Thursday Throwback: Oakland Athletics Terry Steinbach Becomes 1988 All-Star Game MVP
While posting only a .217 batting average with five home runs and 19 RBIs, the Oakland Athletics’ Terry Steinbach was voted in as the American League starting catcher for the 59th All-Star Game in Cincinnati in 1988. He would go on to make history.
In 1987, Steinbach had hit .286 in his first full season in the major leagues with 16 homers, 16 doubles and 56 RBIs. In 1988, he had been injured by a thrown ball on May 6 and suffered five fractures around his left eye, resulting in corrective surgery and almost a month on the disabled list. That season he was splitting catching duties with Ron Hassey.
While spending time on the DL, and in a platoon catching role, he still garnered 690,438 votes, making him the AL starting catcher over more known named players such as Bob Boone of the Angels, Carlton Fisk of the White Sox, and the Twins’ Tim Laudner. The election of three Athletics to the starting roster was credited to a fan push happening at the Coliseum with a rising first-place club in the AL West.
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The game that summer night at Cincinnati’s Riverfront Stadium remained scoreless until the third inning when Steinbach got the AL squad on the board when he drove a Dwight Gooden fastball toward the right-field wall. The ball hit the top of the fence, glancing off Darryl Strawberry‘s glove, and fell over the wall for a home run.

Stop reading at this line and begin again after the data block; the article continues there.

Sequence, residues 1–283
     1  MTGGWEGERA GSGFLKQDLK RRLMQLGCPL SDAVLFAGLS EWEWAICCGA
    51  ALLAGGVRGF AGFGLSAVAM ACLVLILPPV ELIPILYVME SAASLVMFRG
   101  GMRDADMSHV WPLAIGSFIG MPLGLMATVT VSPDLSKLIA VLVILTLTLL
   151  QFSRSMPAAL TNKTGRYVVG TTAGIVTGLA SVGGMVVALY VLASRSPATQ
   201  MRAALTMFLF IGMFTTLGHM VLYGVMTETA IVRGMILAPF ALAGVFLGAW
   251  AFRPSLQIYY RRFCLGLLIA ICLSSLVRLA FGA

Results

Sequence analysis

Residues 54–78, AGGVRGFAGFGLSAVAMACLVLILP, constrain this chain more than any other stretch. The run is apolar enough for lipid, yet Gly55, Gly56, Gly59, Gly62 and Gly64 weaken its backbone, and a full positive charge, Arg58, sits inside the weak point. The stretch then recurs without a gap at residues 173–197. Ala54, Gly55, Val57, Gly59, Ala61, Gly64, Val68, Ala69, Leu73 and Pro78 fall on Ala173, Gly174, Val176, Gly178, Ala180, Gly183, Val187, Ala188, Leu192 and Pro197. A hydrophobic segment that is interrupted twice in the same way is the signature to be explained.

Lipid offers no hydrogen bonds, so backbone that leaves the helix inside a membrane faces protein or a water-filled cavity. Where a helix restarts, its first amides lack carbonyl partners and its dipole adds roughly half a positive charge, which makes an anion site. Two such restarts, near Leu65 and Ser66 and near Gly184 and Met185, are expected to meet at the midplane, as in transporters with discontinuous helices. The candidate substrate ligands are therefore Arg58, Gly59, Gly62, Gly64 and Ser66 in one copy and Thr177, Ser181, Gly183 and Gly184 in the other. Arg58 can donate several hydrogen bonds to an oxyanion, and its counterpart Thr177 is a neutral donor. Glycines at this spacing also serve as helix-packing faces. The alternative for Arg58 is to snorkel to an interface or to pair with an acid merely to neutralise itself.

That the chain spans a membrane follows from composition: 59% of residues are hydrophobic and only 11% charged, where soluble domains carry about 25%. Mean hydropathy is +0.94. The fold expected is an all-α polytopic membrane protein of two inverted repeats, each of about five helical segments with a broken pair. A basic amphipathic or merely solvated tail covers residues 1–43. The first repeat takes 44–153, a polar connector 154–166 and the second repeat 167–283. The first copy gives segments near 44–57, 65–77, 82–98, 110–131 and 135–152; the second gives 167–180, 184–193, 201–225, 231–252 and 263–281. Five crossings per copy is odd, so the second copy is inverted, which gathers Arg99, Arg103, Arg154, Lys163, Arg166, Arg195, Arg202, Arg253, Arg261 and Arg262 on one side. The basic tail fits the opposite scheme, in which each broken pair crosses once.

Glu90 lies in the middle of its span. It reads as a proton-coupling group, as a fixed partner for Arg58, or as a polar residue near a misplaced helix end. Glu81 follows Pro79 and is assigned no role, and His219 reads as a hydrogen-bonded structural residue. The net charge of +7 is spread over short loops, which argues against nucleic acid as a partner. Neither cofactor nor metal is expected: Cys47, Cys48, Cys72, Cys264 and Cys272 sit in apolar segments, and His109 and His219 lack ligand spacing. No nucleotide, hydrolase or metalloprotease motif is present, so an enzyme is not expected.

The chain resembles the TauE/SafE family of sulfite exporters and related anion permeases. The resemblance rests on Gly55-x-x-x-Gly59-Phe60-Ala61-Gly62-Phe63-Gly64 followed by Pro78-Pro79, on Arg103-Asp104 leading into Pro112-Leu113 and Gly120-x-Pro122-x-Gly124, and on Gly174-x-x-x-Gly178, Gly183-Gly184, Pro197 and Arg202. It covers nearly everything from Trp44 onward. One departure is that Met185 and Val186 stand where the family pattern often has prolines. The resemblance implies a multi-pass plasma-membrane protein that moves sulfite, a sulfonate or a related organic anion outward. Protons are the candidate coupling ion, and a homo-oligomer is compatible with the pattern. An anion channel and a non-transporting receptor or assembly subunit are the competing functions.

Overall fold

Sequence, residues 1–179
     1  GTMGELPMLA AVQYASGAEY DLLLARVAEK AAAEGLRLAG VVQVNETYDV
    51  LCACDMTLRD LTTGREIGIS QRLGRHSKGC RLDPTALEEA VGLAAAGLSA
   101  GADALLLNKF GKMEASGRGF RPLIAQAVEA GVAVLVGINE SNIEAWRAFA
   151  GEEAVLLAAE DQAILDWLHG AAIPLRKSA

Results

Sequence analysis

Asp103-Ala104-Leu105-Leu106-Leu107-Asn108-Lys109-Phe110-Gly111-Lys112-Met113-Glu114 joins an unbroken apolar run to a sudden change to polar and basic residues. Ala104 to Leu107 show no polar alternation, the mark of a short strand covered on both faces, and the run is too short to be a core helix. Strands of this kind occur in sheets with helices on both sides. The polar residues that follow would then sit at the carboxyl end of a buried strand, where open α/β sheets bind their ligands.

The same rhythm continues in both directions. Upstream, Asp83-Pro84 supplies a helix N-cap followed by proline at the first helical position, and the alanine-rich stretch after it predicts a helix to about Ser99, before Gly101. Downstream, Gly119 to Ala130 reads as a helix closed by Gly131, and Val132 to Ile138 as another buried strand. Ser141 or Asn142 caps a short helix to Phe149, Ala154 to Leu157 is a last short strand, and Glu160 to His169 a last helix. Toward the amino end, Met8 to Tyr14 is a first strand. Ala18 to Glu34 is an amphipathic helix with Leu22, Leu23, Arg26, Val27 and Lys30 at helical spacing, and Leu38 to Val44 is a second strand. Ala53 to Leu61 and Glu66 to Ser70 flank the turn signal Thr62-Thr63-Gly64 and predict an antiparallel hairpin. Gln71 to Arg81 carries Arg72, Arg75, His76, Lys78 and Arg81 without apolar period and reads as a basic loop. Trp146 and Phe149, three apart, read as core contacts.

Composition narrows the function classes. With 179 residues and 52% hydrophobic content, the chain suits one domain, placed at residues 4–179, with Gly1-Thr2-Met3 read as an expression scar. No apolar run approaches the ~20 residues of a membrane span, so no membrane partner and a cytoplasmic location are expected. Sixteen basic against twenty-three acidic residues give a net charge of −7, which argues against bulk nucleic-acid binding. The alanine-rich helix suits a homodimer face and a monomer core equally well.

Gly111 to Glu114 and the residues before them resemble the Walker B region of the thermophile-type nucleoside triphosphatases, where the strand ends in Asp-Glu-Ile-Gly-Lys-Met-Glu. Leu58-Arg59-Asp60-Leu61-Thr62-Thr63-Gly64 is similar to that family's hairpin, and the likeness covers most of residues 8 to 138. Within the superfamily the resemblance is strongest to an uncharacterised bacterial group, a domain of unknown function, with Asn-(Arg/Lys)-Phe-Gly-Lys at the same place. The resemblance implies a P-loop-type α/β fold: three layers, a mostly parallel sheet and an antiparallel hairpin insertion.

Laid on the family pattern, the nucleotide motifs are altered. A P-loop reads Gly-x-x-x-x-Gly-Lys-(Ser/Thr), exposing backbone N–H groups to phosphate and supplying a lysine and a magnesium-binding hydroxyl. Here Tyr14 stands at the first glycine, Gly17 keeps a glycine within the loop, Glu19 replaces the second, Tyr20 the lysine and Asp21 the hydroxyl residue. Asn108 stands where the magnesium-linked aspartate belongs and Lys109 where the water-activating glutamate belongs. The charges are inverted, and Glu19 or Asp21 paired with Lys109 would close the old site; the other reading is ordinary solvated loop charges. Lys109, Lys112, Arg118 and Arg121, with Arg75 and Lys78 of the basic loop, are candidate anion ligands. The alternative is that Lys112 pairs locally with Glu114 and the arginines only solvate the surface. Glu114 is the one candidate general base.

As Steinbach got to the AL dugout, he clanged elbows with a number of his more renowned American League teammates with the celebratory gesture of forearm “bashing” which was becoming trendy that season by his Oakland Athletics and AL All-Star teammates Jose Canseco and Mark McGwire (a.k.a. the Bash Brothers).
With the off-field shot, Steinbach had become the first player in history to homer in his first All-Star at-bat as well as his first at-bat in the major leagues. As a September call up in 1986, Steinbach, in his first Major League at-bat on Sept. 12, homered off the Indians Greg Swindell in the seventh inning in Cleveland.
In the fourth inning of the 1988 Summer Classic, with the bases loaded and one out, Steinbach came to bat again and drove another fly off the Astros’ Bob Knepper that sent left fielder Vince Coleman to the warning track. The result was a sacrifice fly driving in the Yankees’ Dave Winfield with the AL squad’s second run and a 2-0 lead.
The NL squad scored a run in the bottom half of the inning when Coleman came home on a Mark Gubicza wild pitch. The game would remain 2-1 into the ninth when A’s closer Dennis Eckersley shut the NL All-Stars down 1-2-3 for an American League win.
With the home run, and knocking in both of the AL team’s runs, Steinbach was the obvious choice for the game’s MVP. No other Athletic player has received the award.
Sterinbach would be elected an All-Star again in 1989 and 1993 and be an integral part of the Athletics’ AL Pennant winning years from 1988-1990 and 1989 World Series Championship.
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